There's also a bit about how audiences are more likely to watch a taped drama such as Death of a Salesman, which recently scored big ratings on CBS, if they think they're watching a movie. ABC plans to capitalize on this "misunderstanding," as all ten of their upcoming dramas are remakes of well-known movies such as Dial M for Murder. Their plan is to advertise them not as they'd originally intended, with the title A Night at the Theater, but simply as a special presentation. Ultimately it's too late; the days of dramatic theater-like programs on television will never come back on a full-time basis.
Some quick hits of the week: Boris Karloff is the guest star of what must have been a fun episode of I Spy Wednesday on NBC. Also on Wednesday, Steve Allen wraps up his latest comedy/variety effort, a prime-time summer replacement airing on CBS. The English rockers Chad and Jeremy guest star on Batman, where the villainous Catworman (Julie Newmar version) plans to steal their voices! William Shatner and Leonard Nimoy guest on Tuesday's episode of Today, which is guest-hosted by Burgess Meredith.* And for no particular reason, CBS reruns the Easter-themed movie Barabbas Thursday night, starring Anthony Quinn in the title role. Says critic Judith Crist, "Quinn had best be forgotten for his portrait of the sturdy dimwitted thief."
*A little Batman tie-in there.
Finally, I don't know if I've ever written about That Girl, the series with Marlo Thomas, but this week's episode gives us a real cultural snapshot. From the listings: "No matter how you add it up, Ann and boy friend Don face a delicate situation: They're stranded with newlyweds in a hotel -that has only two vacant rooms." It's clear what the dilemma for Ann and Don is: they can't share a room because they're not married, but if the two men take one room and the two women the other, they'll be separating the newlyweds, something the other couple wants no part of. This is interesting for so many reasons: first, the idea of an unmarried couple sharing a hotel room is nothing today - hell, probably most of the couples in hotels aren't married.* Thing is (and I'll admit I haven't seen the episode, so this could be a moot point), this very type of scenario (unmarried couple sharing hotel room) has been a stalwart of the screwball comedy for decades. You can hang a bedsheet down the middle of the room, you can have the guy sleep on the floor, etc. etc. - in other words, there's a myriad number of ways they could handle this. I wonder which ones they used?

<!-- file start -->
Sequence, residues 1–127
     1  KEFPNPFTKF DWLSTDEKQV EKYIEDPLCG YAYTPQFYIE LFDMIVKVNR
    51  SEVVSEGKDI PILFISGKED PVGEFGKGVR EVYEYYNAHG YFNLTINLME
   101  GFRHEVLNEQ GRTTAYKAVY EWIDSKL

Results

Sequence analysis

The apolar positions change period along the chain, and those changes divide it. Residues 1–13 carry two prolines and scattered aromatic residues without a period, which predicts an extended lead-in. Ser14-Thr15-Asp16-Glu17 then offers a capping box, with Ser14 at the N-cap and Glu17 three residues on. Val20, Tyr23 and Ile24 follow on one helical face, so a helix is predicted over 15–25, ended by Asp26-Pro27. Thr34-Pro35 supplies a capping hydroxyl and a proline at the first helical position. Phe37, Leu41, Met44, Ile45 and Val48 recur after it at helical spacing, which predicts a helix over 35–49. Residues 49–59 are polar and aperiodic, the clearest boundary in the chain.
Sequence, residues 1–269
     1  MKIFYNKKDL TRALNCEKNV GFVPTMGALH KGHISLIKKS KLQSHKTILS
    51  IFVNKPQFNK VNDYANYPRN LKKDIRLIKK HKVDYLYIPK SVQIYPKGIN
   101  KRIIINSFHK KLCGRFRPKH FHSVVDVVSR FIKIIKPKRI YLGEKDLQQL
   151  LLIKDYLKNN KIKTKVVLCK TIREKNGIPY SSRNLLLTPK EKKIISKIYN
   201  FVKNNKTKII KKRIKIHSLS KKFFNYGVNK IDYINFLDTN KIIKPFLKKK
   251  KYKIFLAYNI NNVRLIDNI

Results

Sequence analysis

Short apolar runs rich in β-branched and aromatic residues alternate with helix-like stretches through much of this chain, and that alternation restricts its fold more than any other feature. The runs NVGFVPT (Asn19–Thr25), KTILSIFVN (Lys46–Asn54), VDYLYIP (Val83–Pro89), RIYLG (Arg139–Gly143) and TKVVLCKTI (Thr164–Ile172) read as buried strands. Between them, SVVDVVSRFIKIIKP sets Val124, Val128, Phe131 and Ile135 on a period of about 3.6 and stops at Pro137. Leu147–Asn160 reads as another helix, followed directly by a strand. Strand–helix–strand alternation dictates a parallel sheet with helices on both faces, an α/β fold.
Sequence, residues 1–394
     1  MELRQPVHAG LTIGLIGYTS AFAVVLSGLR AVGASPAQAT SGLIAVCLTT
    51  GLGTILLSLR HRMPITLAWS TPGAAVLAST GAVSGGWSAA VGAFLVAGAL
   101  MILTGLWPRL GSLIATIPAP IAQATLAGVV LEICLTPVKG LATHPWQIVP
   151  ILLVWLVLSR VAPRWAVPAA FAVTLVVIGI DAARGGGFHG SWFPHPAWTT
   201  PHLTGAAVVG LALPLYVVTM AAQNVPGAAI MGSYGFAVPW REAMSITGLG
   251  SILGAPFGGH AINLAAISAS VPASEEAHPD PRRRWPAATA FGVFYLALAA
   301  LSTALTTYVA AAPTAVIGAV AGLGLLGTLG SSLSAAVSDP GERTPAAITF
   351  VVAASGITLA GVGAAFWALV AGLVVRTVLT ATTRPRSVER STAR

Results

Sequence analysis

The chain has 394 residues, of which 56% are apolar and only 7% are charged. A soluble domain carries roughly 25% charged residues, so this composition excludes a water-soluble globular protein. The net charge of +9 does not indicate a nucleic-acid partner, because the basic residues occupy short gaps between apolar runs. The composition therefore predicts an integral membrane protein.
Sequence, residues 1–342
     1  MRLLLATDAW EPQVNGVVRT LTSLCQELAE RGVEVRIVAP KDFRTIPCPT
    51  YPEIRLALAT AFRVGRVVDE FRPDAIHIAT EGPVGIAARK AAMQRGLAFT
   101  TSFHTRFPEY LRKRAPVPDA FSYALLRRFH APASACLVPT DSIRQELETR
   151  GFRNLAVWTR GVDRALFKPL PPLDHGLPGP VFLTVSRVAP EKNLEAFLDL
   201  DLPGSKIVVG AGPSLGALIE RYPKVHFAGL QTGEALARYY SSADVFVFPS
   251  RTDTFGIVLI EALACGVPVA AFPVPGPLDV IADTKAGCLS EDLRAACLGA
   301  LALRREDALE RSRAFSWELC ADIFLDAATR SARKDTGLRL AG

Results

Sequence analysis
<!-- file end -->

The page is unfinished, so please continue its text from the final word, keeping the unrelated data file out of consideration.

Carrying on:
*And then there are those who are - but not to each other...
For sure, you wouldn't see this dilemma on TV today.